Through Twists and Turns, Kaleigh Gilchrist Follows Father’s Footsteps to Tokyo Olympics

Jul 26, 2021; Tokyo, Japan; United States driver Kaleigh Gilchrist (10) handles the ball against China centre forward Xiao Chen (11) in womens group B water polo during the Tokyo 2020 Olympic Summer Games at Tatsumi Water Polo Centre. Mandatory Credit: Kirby Lee-USA TODAY Sports
U.S. water polo's Kaleigh Gilchrist, right, looks for a pass as China's Xiao Chen defends; Photo Courtesy: Kirby Lee-USA TODAY Sports

Through Twists and Turns, Kaleigh Gilchrist Follows Father’s Footsteps to Tokyo Olympics

There are a lot of reasons why Kaleigh Gilchrist might not have been in Tokyo, some her choosing, some barely within her power.

But as the 29-year-old pondered what her future held, beyond the gold medal won in 2016 with the U.S. water polo team, one tie kept pulling her towards Tokyo: The chance to be the second member of her family to participate in a Tokyo Olympics.

Gilchrist is following the footsteps of her father, Sandy Gilchrist, who swam for Canada in the 1964 Tokyo Games. Kaleigh Gilchrist is chasing a second gold medal with the top-ranked U.S. squad.

“The talk of Tokyo just made it so much cooler, wanting to come here and compete, same city that my dad did fifty-whatever-seven years ago,” Gilchrist said Monday after scoring in a 12-7 U.S. win over China in round-robin play at the Tatsumi Water Polo Centre.

Jul 26, 2021; Tokyo, Japan; United States driver Paige Hauschild (5) shooting the ball against China centre back Xiaohan Mei (3) in womens group B water polo during the Tokyo 2020 Olympic Summer Games at Tatsumi Water Polo Centre. Mandatory Credit: Kirby Lee-USA TODAY Sports

The U.S.’s Paige Hauschild winds up a shot against China’s Xiaohan Mei Monday; Photo Courtesy: Kirby Lee-USA TODAY Sports

Gilchrist knew growing up about her father’s Olympic past, mainly for the purposes of bragging rights among her friends. But once she got to USC and saw reminders of her father’s Olympic past, the significance of it grew.

“When I started getting on the national team and making the Olympics my dream, then I realized, oh he did this as well,” Kaleigh Gilchrist said. “I think that’s been one of my favorite parts of my entire athletic career.”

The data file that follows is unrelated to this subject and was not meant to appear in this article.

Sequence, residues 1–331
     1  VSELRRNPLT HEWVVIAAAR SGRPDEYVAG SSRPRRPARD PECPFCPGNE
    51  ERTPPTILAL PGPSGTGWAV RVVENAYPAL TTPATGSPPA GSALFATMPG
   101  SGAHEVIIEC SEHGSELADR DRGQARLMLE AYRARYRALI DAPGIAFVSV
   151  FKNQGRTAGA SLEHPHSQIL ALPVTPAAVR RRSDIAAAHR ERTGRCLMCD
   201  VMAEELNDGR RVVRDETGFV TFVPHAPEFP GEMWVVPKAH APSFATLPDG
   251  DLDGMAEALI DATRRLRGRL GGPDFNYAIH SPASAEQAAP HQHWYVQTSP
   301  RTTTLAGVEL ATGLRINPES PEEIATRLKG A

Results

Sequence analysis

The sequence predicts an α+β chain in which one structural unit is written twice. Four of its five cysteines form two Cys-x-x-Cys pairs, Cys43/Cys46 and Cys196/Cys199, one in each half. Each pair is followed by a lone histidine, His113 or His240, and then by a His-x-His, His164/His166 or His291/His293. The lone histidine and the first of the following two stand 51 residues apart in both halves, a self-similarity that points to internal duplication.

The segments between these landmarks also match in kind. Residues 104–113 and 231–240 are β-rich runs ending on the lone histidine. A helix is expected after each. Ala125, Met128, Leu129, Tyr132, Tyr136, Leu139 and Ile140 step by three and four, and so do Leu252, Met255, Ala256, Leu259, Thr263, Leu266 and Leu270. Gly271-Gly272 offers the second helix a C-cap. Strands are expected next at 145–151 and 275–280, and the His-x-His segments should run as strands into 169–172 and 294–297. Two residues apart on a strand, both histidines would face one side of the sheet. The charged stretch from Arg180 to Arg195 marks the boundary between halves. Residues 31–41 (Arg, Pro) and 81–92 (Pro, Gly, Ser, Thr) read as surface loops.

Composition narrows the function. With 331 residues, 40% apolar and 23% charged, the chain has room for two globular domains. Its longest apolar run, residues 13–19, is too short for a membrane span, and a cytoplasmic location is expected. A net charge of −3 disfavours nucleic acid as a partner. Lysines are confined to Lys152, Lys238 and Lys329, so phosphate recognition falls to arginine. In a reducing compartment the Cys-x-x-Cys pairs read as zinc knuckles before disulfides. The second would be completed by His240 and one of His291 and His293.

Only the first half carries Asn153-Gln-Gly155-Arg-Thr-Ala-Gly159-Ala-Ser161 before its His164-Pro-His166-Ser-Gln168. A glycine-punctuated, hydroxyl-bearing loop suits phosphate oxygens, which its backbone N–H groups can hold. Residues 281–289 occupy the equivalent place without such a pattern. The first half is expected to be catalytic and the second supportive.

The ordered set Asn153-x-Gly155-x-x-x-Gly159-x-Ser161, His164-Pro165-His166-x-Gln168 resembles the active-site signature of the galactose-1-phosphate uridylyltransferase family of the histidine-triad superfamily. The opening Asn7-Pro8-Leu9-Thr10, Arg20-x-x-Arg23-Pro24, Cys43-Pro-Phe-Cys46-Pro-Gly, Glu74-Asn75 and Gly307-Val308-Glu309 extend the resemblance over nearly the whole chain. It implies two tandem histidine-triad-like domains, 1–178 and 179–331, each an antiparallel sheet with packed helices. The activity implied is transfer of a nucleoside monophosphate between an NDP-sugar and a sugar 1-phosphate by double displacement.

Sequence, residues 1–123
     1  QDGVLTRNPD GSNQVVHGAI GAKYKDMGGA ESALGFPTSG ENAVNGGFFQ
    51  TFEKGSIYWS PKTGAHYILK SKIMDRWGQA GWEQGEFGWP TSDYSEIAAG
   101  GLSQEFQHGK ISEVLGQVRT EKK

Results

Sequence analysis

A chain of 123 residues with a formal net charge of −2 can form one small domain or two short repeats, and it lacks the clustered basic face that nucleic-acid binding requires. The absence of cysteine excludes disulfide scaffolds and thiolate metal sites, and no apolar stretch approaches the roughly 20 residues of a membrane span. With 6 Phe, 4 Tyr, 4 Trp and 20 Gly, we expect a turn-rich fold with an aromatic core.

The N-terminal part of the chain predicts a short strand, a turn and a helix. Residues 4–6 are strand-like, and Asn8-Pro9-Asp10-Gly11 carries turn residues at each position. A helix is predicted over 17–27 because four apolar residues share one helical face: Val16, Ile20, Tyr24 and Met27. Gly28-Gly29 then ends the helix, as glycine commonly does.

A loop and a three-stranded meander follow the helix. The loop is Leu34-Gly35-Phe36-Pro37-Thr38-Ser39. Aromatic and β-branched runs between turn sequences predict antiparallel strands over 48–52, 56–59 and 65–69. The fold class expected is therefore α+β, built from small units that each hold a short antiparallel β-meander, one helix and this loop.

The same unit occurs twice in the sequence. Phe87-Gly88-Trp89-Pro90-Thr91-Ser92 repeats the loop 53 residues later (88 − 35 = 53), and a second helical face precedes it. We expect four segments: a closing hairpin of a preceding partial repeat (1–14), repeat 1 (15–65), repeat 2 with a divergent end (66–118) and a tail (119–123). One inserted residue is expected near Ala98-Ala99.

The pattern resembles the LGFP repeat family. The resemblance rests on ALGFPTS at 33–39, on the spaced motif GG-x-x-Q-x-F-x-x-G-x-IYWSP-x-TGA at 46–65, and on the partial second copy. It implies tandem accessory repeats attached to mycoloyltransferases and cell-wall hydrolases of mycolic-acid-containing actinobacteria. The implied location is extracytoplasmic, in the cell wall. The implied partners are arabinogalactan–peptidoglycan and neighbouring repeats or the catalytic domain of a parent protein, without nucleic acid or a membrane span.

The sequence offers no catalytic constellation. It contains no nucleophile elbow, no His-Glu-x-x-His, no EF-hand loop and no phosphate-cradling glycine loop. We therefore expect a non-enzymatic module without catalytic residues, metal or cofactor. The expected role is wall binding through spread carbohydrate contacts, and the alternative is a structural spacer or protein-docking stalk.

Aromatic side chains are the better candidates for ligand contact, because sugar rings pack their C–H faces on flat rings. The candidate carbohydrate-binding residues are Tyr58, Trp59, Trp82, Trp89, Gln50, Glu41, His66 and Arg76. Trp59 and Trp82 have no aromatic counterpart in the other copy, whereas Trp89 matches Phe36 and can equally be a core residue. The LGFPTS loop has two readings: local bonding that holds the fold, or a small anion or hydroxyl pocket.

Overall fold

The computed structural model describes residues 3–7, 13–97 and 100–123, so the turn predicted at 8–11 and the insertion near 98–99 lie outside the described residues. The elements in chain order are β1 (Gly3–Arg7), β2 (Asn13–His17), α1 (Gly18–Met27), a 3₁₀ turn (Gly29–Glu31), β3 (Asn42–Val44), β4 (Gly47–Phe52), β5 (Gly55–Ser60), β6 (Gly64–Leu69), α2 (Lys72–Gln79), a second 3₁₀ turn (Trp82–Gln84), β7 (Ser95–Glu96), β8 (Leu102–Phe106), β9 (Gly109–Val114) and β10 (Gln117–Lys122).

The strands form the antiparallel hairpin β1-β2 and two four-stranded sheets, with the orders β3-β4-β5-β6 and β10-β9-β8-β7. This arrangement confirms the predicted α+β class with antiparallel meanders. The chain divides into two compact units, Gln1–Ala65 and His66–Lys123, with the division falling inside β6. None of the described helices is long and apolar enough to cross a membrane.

Both were team captains at USC. Both made it to two Olympics, Sandy swimming on to Mexico City. And both have a Tokyo Games on their resume.

Sandy Gilchrist was born in Ocean Falls, British Columbia. His long swimming career included 10 medals at the Pan Am Games – five silver, five bronze; five individual, five relays. His closest brush to Olympic hardware was fourth place in Mexico City in the Canadian men’s 800 freestyle relay.

In Tokyo, he swam a daunting program. He was on all three Canadian relays without making a final. He finished fifth in the 400 individual medley, 12th in the 1,500 free and exited in the heats of the 400 free.

Kaleigh Gilchrist inherited that natural aptitude for water growing up in Newport Beach, Calif. In her case, it was split with surfing, in which Gilchrist competed internationally in her youth, even delaying her commitment to national team-level water polo for surfing. The plan in 2016, after the U.S. chased its second straight gold medal, was to transition back to surfing on the international circuit.

Gilchrist ended up back in the pool, though it proved a difficult road. She was on the U.S. team that won the World Championship in 2019, though in celebrating in Gwangju, she was injured when a nightclub balcony collapsed. The incident killed two people, and Gilchrist was among more than a dozen sent to the hospital, requiring surgery for deep lacerations on her left leg and an arduous rehab. Had the Games gone on as scheduled in 2020, Gilchrist might not have been part of the U.S. team.

But having fully recovered, Gilchrist is again a vital part of the U.S. team on both ends of the pool.